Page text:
Political Rights and Civil Liberties: 


The Swiss can change their government democratically. The constitution of 1848, significantly revised in 1874 and 2000, provides for two directly elected legislative chambers - the Council of States (in which each canton has two members and each half-canton, one) and the National Council. The Federal Council is a seven-person executive; the presidency is ceremonial and rotates annually among the Federal Council's members. Collegiality and consensus are hallmarks of Swiss political culture.

The Swiss institutional system is characterized by decentralization and direct democracy. The cantons and half-cantons have control over much of economic and social policy, with the federal government's powers largely limited to foreign affairs and some economic policy. The rights of cultural, religious, and linguistic minorities are strongly protected. Referendums are also a common feature; any measure that modifies the constitution must be put to a referendum. Any new or revised law must be put to a referendum if 50,000 signatures in favor of doing so can be gathered, and voters may even initiate legislation themselves with 100,000 signatures.

The government is free from pervasive corruption. However, the country has traditionally drawn criticism for its banking-secrecy laws, which financial watchdogs claim enable money laundering and other crimes. In the IMF's 2004 report on its annual consultation with Switzerland, the IMF praised Switzerland for a toughening of laws on money-laundering and terrorist financing in 2003. Switzerland was ranked 7 out of 146 countries surveyed in Transparency International's 2004 Corruption Perceptions Index.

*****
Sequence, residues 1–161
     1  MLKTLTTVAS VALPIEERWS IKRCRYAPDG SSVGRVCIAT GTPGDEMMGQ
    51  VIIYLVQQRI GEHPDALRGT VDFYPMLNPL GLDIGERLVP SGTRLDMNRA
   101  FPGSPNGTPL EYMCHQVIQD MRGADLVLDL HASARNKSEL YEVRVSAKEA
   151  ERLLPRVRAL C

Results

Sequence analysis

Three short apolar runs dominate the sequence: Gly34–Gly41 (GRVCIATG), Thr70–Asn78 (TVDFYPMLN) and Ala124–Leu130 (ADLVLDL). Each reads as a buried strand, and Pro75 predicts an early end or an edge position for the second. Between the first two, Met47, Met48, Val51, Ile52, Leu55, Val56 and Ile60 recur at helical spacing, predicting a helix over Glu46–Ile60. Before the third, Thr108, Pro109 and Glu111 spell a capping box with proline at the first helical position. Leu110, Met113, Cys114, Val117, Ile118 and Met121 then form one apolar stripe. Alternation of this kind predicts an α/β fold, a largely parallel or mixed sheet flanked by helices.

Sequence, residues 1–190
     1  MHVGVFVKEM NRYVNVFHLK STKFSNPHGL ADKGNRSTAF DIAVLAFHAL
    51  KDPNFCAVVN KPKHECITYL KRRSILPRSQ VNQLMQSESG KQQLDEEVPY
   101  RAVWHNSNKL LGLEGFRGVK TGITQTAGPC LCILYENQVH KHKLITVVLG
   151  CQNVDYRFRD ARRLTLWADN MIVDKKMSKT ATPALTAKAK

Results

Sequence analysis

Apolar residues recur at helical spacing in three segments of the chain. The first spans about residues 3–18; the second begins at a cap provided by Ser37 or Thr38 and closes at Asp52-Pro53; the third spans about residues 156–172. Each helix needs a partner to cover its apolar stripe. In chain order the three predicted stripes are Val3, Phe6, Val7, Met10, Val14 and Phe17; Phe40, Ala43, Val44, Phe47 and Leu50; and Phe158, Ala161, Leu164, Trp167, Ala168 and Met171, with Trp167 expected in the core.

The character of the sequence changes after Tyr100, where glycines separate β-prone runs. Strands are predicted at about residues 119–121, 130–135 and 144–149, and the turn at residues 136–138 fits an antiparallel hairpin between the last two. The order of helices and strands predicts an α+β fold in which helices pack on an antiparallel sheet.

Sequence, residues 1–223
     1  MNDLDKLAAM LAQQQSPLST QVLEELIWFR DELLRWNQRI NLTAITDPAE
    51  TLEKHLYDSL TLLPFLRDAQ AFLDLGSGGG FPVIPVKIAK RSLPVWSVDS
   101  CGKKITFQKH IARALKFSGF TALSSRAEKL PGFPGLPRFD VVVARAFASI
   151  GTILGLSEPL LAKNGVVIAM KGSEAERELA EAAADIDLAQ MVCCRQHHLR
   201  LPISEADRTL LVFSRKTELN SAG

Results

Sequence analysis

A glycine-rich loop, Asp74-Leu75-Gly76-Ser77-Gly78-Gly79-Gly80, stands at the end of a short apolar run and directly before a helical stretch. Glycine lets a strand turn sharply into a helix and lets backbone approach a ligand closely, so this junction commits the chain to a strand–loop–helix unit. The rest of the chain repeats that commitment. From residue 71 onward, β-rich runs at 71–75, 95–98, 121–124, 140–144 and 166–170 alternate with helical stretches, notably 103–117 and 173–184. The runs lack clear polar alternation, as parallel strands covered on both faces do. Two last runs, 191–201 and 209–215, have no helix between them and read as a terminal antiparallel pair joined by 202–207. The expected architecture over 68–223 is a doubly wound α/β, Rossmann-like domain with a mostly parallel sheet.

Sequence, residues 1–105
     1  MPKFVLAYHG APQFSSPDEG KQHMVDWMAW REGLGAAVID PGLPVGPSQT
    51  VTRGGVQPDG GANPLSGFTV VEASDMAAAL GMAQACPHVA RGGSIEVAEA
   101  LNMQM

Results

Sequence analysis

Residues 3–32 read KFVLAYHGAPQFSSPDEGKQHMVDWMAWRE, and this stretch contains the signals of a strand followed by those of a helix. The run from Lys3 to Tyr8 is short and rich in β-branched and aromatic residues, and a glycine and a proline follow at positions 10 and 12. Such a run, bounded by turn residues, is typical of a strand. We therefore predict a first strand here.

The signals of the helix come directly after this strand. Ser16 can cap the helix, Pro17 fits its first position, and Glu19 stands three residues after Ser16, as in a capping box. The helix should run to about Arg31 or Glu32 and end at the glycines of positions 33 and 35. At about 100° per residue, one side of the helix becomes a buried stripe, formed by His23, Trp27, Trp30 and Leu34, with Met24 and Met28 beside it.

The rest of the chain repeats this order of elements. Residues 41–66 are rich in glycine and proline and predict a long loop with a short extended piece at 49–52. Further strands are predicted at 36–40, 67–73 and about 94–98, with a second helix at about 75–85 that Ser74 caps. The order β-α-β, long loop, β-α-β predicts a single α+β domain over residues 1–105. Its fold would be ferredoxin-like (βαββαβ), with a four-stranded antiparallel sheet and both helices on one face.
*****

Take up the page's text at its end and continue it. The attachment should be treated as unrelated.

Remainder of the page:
Switzerland has a free media environment. The Swiss Broadcasting Corporation dominates the broadcast market. The penal code prohibits racist or anti-Semitic speech. Consolidation of newspapers in large media conglomerates has forced the closure of some small and local newspapers. Internet access is unrestricted.

Freedom of religion is guaranteed by the constitution. Most cantons support one or several churches. The country is split roughly evenly between Roman Catholicism and Protestantism, although as there are now officially more than 300,000 Muslims (and perhaps many more undocumented), Muslims are the largest non-Christian minority. Religion is taught in public schools, depending on the predominant creed in the canton. Students are free to choose their creed of instruction or opt out of religious instruction. In 2001, a cantonal court ruled that the Church of Scientology could not be a "real church" because it does not advocate belief in God. Scientologists face other legal obstacles, such as difficulty establishing private schools. Academic freedom is respected.

There is freedom of assembly and association. The right to collective bargaining is respected, and approximately a third of the workforce is unionized.

The judiciary is independent, and the rule of law prevails in civil and criminal matters. Most judicial decisions are made at the cantonal level, except for the federal Supreme Court, which reviews cantonal court decisions when they pertain to federal law. Refusal to perform military service is a criminal offense for males. Prison conditions are generally acceptable.

Women were only granted universal suffrage at the federal level in 1971, and the half-canton Appenzell-Innerrhoden denied women the vote until 1990. Abortion laws were liberalized to decriminalize abortion in the first 12 weeks of pregnancy following a referendum in 2002, which 72 percent of voters supported. The law gives women 10 weeks of maternity leave but no salary guarantee.